Making immigrants feel at home

A look at how three leading companies — ATI, Husky Injection Molding and American Express — ensure they get first crack at the top newcomers

Welkom. Bienvenue. Willkommen. Benvenuto. Any way you say it, making an immigrant feel welcome in the workplace is a critical step in ensuring a successful fit.

Michel Cadieux, senior vice-president of human resources for ATI, a Toronto-based global manufacturer of graphics technology with 3,600 employees worldwide, recently got a powerful example of just how diverse his workforce is and how the company has created a culture that embraces immigrants.

“I hired a lady from Romania the other day, and we sent out an e-mail to the employees,” he said. “And the Romanian community within ATI sent her e-mails welcoming her to ATI. There’s a sub-community that starts to build where we have people from all over the world and that in itself helps make people successful because they feel welcome.”

Contrast that to the experience an immigrant would have at a Bay Street firm where everybody is from a homogenous background, and it’s not hard to see the competitive advantage ATI has been able to build through skilled immigrants, he said.

“How you make that person feel welcome is a key thing,” he said. “We’re fortunate. We have critical mass to do that. But our founders were also from Asia and that helped set the tone right from the beginning.”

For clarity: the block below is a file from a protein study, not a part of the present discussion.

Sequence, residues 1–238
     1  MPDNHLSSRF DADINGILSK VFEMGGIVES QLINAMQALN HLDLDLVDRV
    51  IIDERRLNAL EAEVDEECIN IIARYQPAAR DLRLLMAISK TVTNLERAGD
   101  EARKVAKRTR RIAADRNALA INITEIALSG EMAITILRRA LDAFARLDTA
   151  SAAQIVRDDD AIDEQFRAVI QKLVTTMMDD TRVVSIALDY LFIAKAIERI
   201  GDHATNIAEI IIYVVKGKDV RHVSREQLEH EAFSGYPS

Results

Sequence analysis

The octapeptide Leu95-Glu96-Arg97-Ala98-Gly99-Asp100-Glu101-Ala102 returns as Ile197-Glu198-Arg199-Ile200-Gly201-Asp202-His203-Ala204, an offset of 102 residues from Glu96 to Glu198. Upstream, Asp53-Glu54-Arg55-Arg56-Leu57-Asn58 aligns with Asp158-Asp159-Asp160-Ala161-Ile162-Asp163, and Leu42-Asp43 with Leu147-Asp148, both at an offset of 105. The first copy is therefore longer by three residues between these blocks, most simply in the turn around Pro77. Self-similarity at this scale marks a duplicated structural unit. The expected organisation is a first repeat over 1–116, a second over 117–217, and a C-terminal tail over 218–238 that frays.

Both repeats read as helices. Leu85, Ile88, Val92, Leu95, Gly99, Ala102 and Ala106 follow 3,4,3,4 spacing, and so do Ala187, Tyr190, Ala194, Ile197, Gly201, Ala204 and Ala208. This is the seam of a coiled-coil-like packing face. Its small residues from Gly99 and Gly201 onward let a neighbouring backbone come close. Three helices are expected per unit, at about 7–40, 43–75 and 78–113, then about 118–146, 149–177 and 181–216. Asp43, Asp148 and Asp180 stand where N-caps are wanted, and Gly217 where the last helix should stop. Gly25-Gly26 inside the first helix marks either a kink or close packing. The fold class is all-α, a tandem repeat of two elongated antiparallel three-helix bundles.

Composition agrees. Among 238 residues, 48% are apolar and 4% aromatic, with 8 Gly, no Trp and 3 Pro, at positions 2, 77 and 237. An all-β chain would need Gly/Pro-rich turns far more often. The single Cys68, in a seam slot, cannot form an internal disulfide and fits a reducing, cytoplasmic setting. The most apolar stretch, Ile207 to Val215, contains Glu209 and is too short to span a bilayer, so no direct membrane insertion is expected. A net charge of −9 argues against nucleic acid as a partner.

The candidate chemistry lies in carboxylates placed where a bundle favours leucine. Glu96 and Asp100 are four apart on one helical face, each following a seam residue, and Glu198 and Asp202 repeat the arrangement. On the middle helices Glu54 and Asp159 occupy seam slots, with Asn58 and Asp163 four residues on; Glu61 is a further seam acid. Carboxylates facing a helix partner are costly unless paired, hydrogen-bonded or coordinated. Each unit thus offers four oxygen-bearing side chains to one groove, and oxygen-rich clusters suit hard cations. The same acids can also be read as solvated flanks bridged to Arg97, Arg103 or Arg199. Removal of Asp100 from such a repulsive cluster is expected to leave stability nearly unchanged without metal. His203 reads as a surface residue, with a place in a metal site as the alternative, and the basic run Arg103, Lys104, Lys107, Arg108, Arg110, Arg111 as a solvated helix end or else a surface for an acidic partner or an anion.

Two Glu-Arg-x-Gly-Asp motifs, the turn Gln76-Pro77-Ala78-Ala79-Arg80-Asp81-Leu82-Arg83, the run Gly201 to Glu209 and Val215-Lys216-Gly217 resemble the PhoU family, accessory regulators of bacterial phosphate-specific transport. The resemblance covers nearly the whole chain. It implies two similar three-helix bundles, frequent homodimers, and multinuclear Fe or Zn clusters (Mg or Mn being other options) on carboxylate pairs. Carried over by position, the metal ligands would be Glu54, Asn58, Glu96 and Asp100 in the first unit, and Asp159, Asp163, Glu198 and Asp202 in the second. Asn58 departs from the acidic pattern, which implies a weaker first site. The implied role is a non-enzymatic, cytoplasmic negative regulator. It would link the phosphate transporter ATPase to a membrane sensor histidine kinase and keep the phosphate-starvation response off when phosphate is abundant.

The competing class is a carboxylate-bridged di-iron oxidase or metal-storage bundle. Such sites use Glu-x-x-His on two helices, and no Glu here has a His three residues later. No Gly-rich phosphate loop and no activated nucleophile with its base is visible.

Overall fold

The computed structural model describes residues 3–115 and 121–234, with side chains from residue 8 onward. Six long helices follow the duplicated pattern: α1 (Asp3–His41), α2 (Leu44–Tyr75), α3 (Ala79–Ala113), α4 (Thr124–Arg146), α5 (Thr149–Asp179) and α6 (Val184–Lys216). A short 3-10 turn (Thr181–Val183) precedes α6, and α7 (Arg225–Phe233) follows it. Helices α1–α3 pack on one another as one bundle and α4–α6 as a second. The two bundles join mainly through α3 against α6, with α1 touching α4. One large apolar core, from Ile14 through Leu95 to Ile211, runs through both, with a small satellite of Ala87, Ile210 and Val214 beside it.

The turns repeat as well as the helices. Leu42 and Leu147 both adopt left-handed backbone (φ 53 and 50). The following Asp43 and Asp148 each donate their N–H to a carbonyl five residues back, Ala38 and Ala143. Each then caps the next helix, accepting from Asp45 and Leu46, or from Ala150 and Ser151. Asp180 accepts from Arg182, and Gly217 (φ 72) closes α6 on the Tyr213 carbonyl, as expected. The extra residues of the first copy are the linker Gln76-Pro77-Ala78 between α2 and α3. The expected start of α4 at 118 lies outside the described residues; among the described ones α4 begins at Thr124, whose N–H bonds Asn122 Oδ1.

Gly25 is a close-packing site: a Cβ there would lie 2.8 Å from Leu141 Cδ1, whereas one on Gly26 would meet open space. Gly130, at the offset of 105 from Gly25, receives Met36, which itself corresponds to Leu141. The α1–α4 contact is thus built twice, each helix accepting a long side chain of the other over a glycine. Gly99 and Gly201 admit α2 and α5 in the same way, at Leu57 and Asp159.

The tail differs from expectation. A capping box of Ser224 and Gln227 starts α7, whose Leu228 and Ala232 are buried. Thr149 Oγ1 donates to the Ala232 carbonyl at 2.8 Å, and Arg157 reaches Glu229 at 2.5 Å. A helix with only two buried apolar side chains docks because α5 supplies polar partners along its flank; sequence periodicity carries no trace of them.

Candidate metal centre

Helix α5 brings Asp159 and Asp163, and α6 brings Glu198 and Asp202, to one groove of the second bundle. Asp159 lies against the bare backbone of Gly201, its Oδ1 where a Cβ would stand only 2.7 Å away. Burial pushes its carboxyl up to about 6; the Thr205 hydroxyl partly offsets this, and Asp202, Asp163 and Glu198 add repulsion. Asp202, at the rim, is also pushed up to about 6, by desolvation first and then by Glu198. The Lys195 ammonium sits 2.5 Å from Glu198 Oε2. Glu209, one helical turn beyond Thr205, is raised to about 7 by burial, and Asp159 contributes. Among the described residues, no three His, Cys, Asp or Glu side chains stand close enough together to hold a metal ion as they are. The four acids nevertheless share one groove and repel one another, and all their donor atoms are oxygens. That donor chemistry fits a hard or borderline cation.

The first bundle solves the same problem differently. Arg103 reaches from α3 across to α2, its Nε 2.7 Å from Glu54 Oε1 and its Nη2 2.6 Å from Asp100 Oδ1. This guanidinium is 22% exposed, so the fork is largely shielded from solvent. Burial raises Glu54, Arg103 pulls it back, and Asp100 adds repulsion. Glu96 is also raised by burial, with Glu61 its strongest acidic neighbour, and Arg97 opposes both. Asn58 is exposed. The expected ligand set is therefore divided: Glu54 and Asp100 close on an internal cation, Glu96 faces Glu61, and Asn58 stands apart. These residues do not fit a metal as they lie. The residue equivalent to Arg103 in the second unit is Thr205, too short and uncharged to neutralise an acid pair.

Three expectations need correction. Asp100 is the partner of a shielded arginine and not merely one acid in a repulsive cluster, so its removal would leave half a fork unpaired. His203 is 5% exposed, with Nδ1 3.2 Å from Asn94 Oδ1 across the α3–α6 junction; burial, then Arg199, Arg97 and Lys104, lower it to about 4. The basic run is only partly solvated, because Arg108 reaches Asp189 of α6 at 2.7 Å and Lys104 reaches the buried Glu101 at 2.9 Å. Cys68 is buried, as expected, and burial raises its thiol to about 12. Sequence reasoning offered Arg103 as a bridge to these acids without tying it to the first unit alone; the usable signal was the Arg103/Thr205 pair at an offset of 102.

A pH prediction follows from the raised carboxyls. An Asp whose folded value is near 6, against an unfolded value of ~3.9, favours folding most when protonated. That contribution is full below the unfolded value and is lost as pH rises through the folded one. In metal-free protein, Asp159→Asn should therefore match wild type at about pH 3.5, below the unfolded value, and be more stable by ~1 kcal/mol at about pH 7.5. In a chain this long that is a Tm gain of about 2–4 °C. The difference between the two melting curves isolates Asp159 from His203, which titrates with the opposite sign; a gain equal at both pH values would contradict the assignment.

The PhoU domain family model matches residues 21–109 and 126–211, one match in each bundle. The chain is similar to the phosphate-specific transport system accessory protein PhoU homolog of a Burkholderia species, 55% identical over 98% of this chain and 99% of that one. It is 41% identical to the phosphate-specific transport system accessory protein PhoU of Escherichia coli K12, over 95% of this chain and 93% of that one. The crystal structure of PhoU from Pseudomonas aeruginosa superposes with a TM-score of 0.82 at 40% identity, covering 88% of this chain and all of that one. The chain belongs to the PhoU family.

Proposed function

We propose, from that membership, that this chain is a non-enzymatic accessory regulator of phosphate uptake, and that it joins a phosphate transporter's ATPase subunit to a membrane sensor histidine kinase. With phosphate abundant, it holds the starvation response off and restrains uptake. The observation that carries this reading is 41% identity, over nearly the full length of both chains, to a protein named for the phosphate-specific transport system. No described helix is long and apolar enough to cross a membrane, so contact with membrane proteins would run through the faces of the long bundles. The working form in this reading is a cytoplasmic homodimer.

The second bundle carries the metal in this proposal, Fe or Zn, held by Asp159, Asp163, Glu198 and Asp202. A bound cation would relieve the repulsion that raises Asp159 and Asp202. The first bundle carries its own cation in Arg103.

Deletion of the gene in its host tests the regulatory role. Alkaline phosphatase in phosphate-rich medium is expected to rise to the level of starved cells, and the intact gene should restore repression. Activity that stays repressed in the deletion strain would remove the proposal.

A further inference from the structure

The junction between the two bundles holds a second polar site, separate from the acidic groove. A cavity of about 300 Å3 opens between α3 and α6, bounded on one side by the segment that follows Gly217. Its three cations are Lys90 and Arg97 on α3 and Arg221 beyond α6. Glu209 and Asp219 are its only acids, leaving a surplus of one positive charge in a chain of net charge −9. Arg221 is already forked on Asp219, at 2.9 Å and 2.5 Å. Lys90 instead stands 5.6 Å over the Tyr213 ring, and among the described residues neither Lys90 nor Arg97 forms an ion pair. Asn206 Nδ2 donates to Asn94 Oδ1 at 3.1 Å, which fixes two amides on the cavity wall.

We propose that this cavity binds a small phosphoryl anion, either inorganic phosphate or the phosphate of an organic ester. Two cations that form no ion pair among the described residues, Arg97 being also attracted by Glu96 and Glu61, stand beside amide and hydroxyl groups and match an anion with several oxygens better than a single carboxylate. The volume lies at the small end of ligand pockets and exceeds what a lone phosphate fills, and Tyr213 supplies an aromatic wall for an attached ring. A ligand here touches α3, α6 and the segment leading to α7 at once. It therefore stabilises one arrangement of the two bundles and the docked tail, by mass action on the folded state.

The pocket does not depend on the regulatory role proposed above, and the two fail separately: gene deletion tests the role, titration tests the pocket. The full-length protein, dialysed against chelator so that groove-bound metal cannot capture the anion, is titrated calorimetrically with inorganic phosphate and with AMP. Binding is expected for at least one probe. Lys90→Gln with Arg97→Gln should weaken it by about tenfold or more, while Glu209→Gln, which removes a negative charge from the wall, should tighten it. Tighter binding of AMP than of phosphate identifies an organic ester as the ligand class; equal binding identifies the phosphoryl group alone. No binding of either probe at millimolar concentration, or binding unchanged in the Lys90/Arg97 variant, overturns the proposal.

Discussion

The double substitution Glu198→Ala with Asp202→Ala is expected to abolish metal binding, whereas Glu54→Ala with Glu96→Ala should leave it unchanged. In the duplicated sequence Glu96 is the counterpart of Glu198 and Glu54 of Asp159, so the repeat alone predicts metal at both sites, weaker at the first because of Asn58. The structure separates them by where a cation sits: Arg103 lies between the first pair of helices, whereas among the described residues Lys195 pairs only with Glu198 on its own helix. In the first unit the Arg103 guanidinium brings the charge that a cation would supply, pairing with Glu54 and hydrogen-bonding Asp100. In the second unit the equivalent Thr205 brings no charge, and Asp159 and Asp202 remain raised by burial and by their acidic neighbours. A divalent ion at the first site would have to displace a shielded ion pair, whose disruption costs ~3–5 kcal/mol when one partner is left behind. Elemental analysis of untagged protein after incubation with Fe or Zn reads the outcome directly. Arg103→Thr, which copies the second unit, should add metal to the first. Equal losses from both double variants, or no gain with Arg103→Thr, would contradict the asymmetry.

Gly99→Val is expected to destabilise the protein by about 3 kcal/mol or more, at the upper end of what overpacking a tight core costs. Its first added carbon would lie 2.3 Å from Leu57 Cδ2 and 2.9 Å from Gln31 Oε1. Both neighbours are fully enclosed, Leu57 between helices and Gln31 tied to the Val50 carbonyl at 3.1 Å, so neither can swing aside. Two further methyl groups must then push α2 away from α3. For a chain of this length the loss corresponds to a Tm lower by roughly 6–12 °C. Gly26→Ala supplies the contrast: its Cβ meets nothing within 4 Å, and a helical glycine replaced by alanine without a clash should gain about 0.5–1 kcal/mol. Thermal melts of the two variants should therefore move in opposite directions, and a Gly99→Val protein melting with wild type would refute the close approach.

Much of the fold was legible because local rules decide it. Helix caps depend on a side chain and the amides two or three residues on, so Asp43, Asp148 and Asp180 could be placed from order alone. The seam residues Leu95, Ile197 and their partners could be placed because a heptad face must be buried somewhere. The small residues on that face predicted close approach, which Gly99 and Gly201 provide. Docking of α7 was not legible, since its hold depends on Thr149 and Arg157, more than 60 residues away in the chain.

ATI has been in the skilled immigrant game for years. This year alone the company has handled 100 visa applications, Cadieux said.

“We happen to be a strange company to be located in Toronto,” said Cadieux. “Most companies like our own are located in Silicon Valley or elsewhere in the world.”

Because of that, the company has been aggressive in recruiting the best talent it can find, regardless of where it is. ATI pays for the visa applications and has an outside legal firm to help the company and the candidates jump through the administrative hurdles.

“We do everything we can,” he said. “They’re great people, and we need them.”

Cadieux said some employers consider accents to be problematic, but that’s simply not something ATI cares about. What really matters is the worker’s technical ability.

“Not to say they don’t have to be able to communicate, but we don’t get hung up on accents, we don’t get hung up on intonations and I’ve seen other employers do that,” he said. “I think the majority of our employees have accents of some type or another, so it’s no big deal.”

Plus, most of ATI’s business isn’t done in Canada anyway. ATI’s annual report shows that only two per cent of its sales are in Canada, and 70 per cent are in Asia.

“The reality is that most of our customers have accents.”

Husky Injection Molding: Perfecting assessment

Logie W. Bruce-Lockhart, recruitment manager for Husky Injection Molding Ltd., a Bolton, Ont.-based injection molding equipment designer and manufacturer, said the company has a lot of experience dealing with immigrants and workers from other countries.